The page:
Medable Powers University of Connecticut Department of Kinesiology and Hartford Healthcare Virtual Study on Statin-Related Adverse Events

PALO ALTO, Calif.–(BUSINESS WIRE)– Medable Inc., a leading provider of a digital trials platform that connects patients, sites and clinical trial teams, today announced that the University of Connecticut (UConn) Department of Kinesiology and Hartford Healthcare, has selected its cloud-based platform to evaluate statin-related adverse events using electronic patient-reported outcomes in a digital trial.

The collaborative digital study is intended to prospectively monitor participant response to statin medications via an app, and notify clinicians and patients when the patient should stop or start their medication based on presenting symptoms collected via electronic patient-reported outcomes (ePROs). The app seeks to use this methodology to identify statin-intolerant individuals in the study, by assessing the pattern, location and timing of their muscle symptoms.

Statins, such as Lipitor and Crestor are some of the most widely used drugs in the world, due to their effectiveness for reducing cholesterol and resultantly, cardiovascular disease (CVD) mortality and events. Although statins are widely available, cost-effective drugs, data suggests that over three years, patient compliance may be as low as 50%, due to side effects such as muscle pain. Improving statin adherence will thus have a powerful impact on mitigating the burden of preventable CV disease.

The Statin-Associated Muscle Symptom Clinical Index (SAMS-CI) is a method for assessing the likelihood that a patient’s muscle symptoms (e.g., pain, aching, cramping and weakness) are caused or worsened by statin use. This is important because the diagnosis and treatment of SAMS relies on patient self-reports of symptoms, which can be biased by a number of non-statin-related factors such as medications and health conditions.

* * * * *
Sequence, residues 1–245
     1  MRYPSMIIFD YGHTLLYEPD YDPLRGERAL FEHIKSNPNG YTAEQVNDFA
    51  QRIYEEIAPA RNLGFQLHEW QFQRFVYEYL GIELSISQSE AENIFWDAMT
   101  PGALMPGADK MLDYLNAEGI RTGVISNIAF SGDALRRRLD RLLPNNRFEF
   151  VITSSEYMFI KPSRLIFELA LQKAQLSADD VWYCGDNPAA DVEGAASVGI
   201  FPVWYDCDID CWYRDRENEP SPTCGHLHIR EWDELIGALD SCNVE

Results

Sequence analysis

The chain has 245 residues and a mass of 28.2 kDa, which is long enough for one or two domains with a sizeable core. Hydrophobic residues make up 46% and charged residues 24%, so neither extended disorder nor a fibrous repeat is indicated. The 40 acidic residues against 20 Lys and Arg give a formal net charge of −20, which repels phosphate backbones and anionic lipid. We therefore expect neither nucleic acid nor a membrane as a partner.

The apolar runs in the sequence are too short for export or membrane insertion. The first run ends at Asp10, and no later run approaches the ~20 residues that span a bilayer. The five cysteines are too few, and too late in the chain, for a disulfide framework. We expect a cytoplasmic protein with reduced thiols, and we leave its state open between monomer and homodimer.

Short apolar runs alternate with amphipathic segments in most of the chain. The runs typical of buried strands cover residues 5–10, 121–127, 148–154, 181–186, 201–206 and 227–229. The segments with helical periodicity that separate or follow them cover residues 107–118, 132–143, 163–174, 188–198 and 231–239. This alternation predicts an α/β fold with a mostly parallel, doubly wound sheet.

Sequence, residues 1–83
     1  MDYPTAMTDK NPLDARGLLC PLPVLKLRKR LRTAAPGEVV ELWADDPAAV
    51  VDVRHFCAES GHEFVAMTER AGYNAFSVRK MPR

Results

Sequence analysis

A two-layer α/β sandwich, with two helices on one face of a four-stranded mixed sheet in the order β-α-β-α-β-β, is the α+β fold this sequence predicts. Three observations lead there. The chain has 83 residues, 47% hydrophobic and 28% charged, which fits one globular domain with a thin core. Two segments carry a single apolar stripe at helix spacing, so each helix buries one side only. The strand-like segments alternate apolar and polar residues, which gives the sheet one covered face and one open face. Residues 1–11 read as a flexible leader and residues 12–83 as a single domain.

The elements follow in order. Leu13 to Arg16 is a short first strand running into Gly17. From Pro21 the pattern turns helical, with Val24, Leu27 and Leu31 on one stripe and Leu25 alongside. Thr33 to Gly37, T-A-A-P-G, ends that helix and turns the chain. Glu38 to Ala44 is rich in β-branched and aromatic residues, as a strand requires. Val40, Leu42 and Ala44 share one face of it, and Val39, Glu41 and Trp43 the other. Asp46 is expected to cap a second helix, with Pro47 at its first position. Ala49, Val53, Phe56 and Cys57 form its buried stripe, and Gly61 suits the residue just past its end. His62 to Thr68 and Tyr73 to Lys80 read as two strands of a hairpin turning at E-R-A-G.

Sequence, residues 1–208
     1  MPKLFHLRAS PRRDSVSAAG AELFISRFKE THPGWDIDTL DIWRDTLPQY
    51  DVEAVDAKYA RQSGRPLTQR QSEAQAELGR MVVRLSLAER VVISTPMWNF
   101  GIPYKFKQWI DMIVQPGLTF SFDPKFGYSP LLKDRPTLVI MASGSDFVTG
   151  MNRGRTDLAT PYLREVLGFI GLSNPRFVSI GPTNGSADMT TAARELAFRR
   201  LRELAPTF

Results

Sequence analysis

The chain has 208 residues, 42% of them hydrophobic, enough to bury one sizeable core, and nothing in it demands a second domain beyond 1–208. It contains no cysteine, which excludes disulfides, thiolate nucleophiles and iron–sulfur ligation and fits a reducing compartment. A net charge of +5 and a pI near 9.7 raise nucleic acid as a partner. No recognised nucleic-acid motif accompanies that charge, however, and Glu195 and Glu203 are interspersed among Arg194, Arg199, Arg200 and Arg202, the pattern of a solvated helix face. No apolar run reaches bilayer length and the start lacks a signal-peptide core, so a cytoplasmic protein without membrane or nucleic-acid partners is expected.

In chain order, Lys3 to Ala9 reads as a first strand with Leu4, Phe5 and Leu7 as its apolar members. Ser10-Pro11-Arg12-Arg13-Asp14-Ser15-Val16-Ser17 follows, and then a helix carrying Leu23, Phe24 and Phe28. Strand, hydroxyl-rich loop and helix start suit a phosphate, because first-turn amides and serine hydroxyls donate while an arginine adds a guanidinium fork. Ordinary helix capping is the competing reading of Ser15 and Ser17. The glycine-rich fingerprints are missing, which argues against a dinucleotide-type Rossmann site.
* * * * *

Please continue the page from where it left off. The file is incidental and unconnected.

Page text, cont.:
“The problem with SAMS is that there are no diagnostic tests for this condition and clinicians have to rely on patient-reported perceptions of pain that may have occurred months or even years ago. We wanted to digitize the paper questionnaire into a clinical index onto an app, where patients could take their statin medication at home, and rank their pain levels in real-time. Medable was able to help us conceptualize the initial research idea into a patient-friendly app, and we wouldn’t have been able to do this without their guidance,” said Dr. Beth Taylor, lead study investigator and Associate Professor of Kinesiology at the University of Connecticut.

“Dr. Taylor’s research is critical to understanding the real-world effects of widely prescribed medications. It is important for the healthcare community to better understand which patient populations have adverse reactions to one of the most widely prescribed and important medications, statins. We are excited to partner with UConn on this groundbreaking research as it will benefit patients and highlights the power of digital to remove key barriers to access of clinical research,” said Dr. Michelle Longmire, CEO & co-founder at Medable.

About Medable

Medable is a privately held, venture-backed company headquartered in Palo Alto, California. Medable is on a mission to get effective therapies to patients faster by dramatically reducing the time from therapeutic development to market realization with digital data capture and real-time analytics that remove the complexities of clinical research to dramatically reduce trial timelines. Medable is pioneering a new category of life science technologies that replace the stagnant and siloed data of traditional ePRO, eCOA, EDC, and eSource with an intelligent and unified end-to-end (E2E) platform for clinical trial execution. Medable’s end-to-end digital trials platform allows patients, healthcare providers, clinical research organizations and pharmaceutical sponsors to work together as a connected and empowered team in clinical trials and research.

For more information, visit and follow Medable on Twitter: @Medableinc


Letitia Rodley